Agenda includes warning system for disruptions, and avoiding 'subsidy race' for chip investments

    The EU-US Trade and Technology Council (TTC) is meeting in Paris today to discuss coordinated approaches to global supply chain issues.

    This is only the second meeting of the TTC, the agenda for which was prepared in February. That highlighted a number of priorities, including securing supply chains, technological cooperation, the coordination of measures to combat distorting practices, and approaches to the decarbonization of trade.

    According to a White House pre-briefing for US reporters, the EU and US are set to announce joint approaches on technical discussions to international standard-setting bodies, an early warning system to better predict and address potential semiconductor supply chain disruptions, and a transatlantic approach to semiconductor investments aimed at ensuring security of supply.

    Continue reading
  • US cops kick back against facial recognition bans
    Plus: DeepMind launches new generalist AI system, and Apple boffin quits over return-to-work policy

    In brief Facial recognition bans passed by US cities are being overturned as law enforcement and lobbyist groups pressure local governments to tackle rising crime rates.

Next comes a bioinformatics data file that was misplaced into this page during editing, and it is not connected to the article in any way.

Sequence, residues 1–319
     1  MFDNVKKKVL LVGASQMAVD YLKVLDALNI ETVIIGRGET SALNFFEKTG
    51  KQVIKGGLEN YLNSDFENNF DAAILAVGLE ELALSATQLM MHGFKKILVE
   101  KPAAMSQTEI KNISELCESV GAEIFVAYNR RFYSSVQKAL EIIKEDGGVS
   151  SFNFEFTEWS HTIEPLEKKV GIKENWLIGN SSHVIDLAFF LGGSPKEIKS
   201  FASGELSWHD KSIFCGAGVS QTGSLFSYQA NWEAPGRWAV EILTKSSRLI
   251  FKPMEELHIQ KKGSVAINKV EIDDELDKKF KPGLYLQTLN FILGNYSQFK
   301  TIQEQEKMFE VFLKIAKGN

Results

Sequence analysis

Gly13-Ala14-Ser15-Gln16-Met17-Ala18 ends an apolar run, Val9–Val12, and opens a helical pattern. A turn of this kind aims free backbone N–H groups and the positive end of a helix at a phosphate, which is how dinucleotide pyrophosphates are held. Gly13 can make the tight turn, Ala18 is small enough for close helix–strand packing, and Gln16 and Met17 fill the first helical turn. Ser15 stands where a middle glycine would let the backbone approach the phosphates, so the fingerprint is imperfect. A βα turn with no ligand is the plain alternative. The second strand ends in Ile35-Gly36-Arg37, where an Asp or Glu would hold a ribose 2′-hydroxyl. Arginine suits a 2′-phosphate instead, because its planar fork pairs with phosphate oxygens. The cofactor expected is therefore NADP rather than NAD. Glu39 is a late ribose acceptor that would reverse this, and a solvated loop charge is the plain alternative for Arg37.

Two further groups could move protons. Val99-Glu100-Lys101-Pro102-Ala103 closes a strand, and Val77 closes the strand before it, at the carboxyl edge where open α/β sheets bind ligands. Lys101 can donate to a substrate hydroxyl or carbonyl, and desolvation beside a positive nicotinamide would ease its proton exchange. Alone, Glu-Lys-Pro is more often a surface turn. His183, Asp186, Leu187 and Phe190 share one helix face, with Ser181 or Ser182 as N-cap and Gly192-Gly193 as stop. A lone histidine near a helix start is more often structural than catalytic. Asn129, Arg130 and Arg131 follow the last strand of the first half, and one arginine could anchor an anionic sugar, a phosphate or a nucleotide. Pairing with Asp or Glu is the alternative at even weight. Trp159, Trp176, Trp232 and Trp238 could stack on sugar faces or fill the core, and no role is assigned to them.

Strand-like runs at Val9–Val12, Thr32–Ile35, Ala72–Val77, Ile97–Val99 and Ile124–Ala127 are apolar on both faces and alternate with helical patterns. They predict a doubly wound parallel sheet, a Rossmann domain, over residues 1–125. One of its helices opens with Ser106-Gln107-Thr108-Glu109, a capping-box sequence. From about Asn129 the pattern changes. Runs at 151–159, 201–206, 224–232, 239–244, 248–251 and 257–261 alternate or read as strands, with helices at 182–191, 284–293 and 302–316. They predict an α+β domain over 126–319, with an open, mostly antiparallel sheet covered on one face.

In July, the state of Virginia will scrap its ban on the controversial technology after less than a year. California and New Orleans may follow suit, Reuters first reported. Vermont adjusted its bill to allow police to use facial recognition software in child sex abuse investigations.

    Elsewhere, efforts are under way in New York, Colorado, and Indiana to prevent bills banning facial recognition from passing. It's not clear if some existing vetoes set to expire, like the one in California, will be renewed. Around two dozen US state or local governments passed laws prohibiting facial recognition from 2019 to 2021. Police, however, believe the tool is useful in identifying suspects and can help solve cases especially in places where crime rates have risen.

    Continue reading
  • RISC-V needs more than an open architecture to compete
    Arm shows us that even total domination doesn't always make stupid levels of money

    Opinion Interviews with chip company CEOs are invariably enlightening. On top of the usual market-related subjects of success and failure, revenues and competition, plans and pitfalls, the highly paid victim knows that there's a large audience of unusually competent critics eager for technical details. That's you.

    Take The Register's latest interview with RISC-V International CEO Calista Redmond. It moved smartly through the gears on Intel's recent Platinum Membership of the open ISA consortium ("they're not too worried about their x86 business"), the interest from autocratic regimes (roughly "there are no rules, if some come up we'll stick by them"), and what RISC-V's 2022 will look like. Laptops. Thousand-core AI chips. Google hyperscalers. Edge. The plan seems to be to do in five years what took Arm 20.

    RISC-V may not be an existential risk to Intel, but Arm had better watch it.

    Continue reading

Biting the hand that feeds IT © 1998–2022